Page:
German newspapers report that the G20 discussed asking Germany to pledge its gold to bail out Greece and the Piigs, and to fund the EFSF.
The Bundesbank, Germany's central bank said "We know this plan and we reject it."
One might think that would be enough to stop such idiotic talk, but one would be wrong. In spite of Bundesbank opposition, euro zone finance ministers will discuss the idea next week.
Please consider Bundesbank: central bank reserves will not help fund EFSF
The Frankfurter Allgemeine Sonntagszeitung (FAS) reported that Bundesbank reserves -- including foreign currency and gold -- would be used to increase Germany's contribution to the crisis fund, the European Financial Stability Facility (EFSF) by more than 15 billion euros ($20 billion).Grateful for the Arrogance
The European Central Bank (ECB) would own the reserves, according to the paper, citing sources at the G20 meeting held in Cannes this week.
The Welt am Sonntag newspaper, citing similar plans, said 15 billion euros would come from special drawing rights (SDR) that the Bundesbank holds.
G20 leaders in Cannes discussed the idea that the European System of Central Banks could pawn their total foreign exchange reserves of 50-60 billion euros to a trust of the European crisis fund in the form of special drawing rights from the International Monetary Fund (IMF), the newspapers said.
"We know this plan and we reject it," a Bundesbank spokesman said.
The newspapers had said the issue was taken off the agenda at the G20 following Bundesbank opposition but that it would be debated on Monday at a Eurogroup meeting of euro zone finance ministers.
In spite of the stupidity of discussing something that is not going to happen, here are three reasons to be grateful they did.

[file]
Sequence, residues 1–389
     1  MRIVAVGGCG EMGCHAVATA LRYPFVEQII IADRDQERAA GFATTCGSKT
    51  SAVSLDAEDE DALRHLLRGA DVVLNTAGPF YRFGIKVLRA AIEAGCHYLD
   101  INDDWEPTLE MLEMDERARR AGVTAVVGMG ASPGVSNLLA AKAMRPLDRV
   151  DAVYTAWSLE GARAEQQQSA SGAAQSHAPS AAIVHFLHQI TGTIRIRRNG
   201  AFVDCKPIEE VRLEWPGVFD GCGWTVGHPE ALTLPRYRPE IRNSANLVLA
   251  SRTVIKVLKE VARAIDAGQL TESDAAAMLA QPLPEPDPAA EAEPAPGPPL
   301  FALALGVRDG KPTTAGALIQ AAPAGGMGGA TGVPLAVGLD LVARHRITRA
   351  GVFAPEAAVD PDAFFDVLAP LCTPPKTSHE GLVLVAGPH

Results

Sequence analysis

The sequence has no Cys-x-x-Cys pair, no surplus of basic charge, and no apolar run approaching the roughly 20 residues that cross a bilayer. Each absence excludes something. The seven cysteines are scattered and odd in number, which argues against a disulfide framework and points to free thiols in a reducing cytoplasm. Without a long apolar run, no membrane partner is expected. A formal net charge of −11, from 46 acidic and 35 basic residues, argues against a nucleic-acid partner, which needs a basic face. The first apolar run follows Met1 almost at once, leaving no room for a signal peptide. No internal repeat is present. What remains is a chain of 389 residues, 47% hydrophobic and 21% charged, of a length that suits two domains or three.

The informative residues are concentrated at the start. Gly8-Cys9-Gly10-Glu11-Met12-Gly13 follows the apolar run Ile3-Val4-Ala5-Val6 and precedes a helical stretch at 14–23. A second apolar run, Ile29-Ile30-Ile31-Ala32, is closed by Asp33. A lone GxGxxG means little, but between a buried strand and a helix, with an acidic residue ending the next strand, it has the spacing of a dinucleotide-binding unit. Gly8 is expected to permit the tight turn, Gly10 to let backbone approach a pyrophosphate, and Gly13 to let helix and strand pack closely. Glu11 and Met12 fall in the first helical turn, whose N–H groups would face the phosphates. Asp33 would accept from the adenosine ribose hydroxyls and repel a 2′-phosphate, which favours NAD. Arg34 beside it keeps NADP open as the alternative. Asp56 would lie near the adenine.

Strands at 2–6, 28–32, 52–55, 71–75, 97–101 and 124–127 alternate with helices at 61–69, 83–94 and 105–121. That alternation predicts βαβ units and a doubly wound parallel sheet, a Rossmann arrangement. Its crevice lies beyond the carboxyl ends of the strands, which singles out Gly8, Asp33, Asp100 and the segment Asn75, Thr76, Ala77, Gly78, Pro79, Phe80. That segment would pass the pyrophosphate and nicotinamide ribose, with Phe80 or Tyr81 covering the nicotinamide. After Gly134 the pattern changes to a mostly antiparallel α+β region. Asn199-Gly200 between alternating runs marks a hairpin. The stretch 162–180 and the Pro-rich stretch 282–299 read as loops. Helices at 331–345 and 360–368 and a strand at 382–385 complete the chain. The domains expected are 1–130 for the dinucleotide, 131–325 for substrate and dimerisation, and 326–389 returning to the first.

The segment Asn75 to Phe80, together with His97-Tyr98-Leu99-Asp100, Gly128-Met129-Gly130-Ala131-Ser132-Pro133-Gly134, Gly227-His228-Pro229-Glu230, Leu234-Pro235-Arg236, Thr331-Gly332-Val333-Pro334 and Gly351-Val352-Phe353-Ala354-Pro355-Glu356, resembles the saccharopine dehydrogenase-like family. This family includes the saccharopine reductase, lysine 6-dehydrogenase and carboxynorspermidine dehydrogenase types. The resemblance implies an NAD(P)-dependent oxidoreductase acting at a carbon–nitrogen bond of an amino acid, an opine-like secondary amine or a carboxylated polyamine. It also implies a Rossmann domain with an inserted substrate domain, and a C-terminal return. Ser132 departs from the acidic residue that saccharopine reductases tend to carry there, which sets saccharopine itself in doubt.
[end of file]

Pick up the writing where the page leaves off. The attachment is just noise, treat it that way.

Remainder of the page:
- The proposal highlights the desperation, blatant arrogance, and sheer pig-headedness of the G20 and Eurozone finance ministers.
- The proposal shows that gold is money.
- Sooner or later, one of these asinine proposals will will cause Germany to realize the EMU is a lost cause. The sooner Germany realizes that, the better off everyone will be.
ZeroHedge addresses the question "why will this be debated?"
Why will it be debated? Because when at first you don't succeed, try, try again. Germany may be crossed off the list, but here is who is next in order of appearance. Sooner or later, Europe will stumble on that one "leader" whose gold is less valuable than their political stability.If France and Italy want to expand the EFSF, why don't they pledge their own gold rather than asking Germany to pledge its gold?
One possible answer is that any country dumb enough to pledge its gold will very quickly lose its AAA rating. However, the Euro-nanny finance minister clowns are probably not bright enough to figure that out.
Mike "Mish" Shedlock
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